Unlike conventional “boiler” water heaters, the tankless or “on-demand” water heater only heats up the water that is needed as it is needed. This takes away the need for a standing tank of heated water as well as the significant energy losses that take place in this “standby” tank.
In addition to the energy-saving benefits of the tankless water heater, they also last significantly longer — 20 years is the life expectancy of a good brand of a tankless water heater. The tankless is also more resilient and doesn’t breakdown or present leaks and the need for costly repairs and maintenance.
This short article will introduce you to the inner workings of the tankless water heaters and why they have such a beneficial function in domestic use.
How It Works: The Benefits of Tankless Water Heaters
The tankless water heater heats water in the most direct way possible. When the hot water tap is opened, the cold water is drawn through the water heater and warmed to the desired temperature before being delivered to the awaiting receptacle or bather.
The temperature of the water is raised with the help of a heating element that can either be electric or gas-powered. With this design, the hot water supply never runs out and can be used to heat large quantities of water, albeit with a slightly reduced flow rate.
The tankless water heater has a flow rate of between 2 and 5 gallons per minute. Of course, some units can produce a faster flow rate. Gas-powered tankless water heaters have a significantly faster flow rate than their electric counterparts
Benefits of Tankless Water Heaters: Various Types
There are various different tankless water heater designs that can be used to address different needs. There are smaller units that must be installed relatively close to the facilities they will be serving. Then there are larger units that can be used to provide heat to an entire building.
Smaller units can also be used in conjunction with a conventional water heater to help offset the energy losses caused by stand by. This can actually save energy costs if balanced out properly. They can also be used to supplement a heating supply to a specific area or location far from the main heated water supply.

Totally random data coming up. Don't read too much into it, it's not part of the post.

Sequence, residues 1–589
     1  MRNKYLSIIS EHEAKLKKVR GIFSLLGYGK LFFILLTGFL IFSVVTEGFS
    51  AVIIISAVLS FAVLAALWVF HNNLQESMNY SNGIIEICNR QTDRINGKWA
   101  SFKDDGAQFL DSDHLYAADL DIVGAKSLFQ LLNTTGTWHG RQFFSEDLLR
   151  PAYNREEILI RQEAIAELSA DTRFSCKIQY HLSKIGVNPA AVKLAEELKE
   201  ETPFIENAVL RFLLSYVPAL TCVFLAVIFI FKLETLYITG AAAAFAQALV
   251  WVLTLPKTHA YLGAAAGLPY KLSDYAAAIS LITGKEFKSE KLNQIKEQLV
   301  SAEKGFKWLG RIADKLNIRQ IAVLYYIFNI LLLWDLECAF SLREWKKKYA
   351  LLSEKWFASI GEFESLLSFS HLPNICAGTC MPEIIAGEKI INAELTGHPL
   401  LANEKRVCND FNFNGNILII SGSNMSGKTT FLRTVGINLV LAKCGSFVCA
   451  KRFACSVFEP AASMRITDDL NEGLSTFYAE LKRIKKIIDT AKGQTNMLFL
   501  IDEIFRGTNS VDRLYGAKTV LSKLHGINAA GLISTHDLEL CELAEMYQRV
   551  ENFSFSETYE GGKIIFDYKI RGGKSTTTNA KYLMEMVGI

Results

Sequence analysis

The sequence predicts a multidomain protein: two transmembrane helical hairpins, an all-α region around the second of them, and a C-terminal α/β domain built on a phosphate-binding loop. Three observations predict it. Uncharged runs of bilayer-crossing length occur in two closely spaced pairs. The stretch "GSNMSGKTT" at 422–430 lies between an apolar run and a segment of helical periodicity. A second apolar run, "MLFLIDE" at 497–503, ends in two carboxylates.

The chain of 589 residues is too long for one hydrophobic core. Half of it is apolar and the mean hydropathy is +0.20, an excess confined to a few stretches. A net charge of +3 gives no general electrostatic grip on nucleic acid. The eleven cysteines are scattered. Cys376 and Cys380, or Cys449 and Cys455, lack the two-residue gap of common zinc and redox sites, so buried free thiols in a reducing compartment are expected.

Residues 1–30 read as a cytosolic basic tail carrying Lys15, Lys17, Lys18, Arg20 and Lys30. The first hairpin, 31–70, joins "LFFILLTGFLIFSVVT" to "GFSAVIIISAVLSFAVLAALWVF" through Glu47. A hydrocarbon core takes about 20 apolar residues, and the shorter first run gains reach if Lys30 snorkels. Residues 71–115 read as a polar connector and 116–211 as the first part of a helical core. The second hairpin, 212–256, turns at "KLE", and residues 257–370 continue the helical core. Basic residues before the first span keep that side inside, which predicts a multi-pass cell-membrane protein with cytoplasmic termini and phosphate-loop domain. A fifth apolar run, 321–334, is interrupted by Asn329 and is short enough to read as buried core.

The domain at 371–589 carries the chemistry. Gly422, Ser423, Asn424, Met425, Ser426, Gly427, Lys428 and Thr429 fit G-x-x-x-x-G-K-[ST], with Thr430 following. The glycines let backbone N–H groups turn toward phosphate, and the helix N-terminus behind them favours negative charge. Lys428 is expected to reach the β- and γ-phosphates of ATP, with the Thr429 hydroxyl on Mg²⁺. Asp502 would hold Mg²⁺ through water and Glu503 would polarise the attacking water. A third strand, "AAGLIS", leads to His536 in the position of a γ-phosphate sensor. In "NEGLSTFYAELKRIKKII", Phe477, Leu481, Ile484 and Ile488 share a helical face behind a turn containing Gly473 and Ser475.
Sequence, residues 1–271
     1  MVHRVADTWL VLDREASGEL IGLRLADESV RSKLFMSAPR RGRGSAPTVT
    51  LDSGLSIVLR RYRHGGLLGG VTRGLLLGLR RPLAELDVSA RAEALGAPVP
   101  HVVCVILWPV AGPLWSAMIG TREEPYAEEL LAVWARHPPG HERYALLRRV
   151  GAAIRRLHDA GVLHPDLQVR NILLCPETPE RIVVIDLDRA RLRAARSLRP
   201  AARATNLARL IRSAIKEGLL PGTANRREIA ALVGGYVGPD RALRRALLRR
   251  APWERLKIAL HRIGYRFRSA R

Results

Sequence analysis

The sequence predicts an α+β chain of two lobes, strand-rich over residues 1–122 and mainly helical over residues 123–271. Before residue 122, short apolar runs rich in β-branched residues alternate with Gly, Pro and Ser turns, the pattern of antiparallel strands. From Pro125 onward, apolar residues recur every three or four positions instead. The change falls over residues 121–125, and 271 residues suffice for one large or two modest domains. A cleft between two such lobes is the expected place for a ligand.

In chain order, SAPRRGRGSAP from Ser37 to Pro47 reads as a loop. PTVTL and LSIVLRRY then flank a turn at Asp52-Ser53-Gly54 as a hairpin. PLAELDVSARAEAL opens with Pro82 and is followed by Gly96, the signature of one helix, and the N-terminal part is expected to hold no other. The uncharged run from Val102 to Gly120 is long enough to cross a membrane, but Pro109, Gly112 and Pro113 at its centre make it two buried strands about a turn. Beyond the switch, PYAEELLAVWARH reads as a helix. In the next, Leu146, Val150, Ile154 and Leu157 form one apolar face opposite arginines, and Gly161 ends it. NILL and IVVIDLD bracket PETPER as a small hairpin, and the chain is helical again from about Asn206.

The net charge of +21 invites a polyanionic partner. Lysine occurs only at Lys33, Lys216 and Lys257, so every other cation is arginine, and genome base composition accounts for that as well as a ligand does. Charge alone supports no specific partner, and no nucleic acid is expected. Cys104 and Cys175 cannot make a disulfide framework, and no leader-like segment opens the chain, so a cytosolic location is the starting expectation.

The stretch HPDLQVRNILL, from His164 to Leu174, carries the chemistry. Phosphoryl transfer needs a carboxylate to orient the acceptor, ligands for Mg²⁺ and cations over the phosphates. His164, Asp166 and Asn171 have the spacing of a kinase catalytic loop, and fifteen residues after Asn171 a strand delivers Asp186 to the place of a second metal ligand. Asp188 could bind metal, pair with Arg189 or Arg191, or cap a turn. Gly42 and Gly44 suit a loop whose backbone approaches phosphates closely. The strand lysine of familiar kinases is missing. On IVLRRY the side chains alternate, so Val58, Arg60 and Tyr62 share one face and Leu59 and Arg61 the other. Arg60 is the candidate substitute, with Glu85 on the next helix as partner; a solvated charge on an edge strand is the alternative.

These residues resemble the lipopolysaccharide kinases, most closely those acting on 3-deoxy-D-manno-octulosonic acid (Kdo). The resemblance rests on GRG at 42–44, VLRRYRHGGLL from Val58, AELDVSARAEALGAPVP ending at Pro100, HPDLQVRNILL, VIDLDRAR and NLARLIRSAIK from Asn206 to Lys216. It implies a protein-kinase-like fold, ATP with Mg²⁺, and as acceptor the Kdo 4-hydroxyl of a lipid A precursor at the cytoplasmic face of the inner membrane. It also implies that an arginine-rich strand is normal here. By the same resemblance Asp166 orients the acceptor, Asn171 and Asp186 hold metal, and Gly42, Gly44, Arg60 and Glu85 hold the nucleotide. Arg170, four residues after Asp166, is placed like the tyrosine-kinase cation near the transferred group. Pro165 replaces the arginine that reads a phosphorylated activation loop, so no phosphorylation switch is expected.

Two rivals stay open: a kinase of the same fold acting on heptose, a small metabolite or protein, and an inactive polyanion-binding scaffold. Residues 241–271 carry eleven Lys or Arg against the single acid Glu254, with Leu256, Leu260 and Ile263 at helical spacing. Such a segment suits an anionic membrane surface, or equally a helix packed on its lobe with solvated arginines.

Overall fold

The small tankless water heater can eliminate the thermal loss caused by water running through extensive cold pipes in the dead of winter. They can also save on energy and water wasted waiting for the water to “heat up”.
The larger type built for addressing the entire home can provide hot water at various points-of-use across different locations. Unless the hot water piping is well-insulated, these will still experience some loss of heat energy as they pass through the pipes.
Benefits of Tankless Water Heaters
The point-of-use design and lack of storage tank means the tankless water heater will provide various benefits to the user.
Compact Size — the smaller dimensions of the tankless water heater make it small enough to set up anywhere because they don’t take up much space. This can even be placed in the same room as the point-of-use.
Eliminate Standby Loss — The water inside a conventional water heater is being heated and cooled and heated and cooled all day long. This can cost significantly more energy than is needed for hot water. After this, the water will still lose much thermal energy in its trip through the pipes to the outlet.
Save on Water — Because the heating is instantaneous and exactly at the desired temperatures there is no time wasted on heating up the water. Because the hot water is provided at the point-of-use, there is no travel distances and no pipes to heat.
Longevity — a tankless water heater is also the longest-lasting option. These can provide extensive use as long as they are operating within their capacity. The expected lifespan of your typical tankless water heater is 20 years. Compare this to the 10 or 15 years you can expect from a conventional heater.
Cost-Effective — a tankless water heater will cost anywhere between $200 for a small compact model to a gas-powered unit capable of a 5-gallon flow rate. This same unit will likely be the last unit you need for a couple of decades and provide energy-saving functions as well.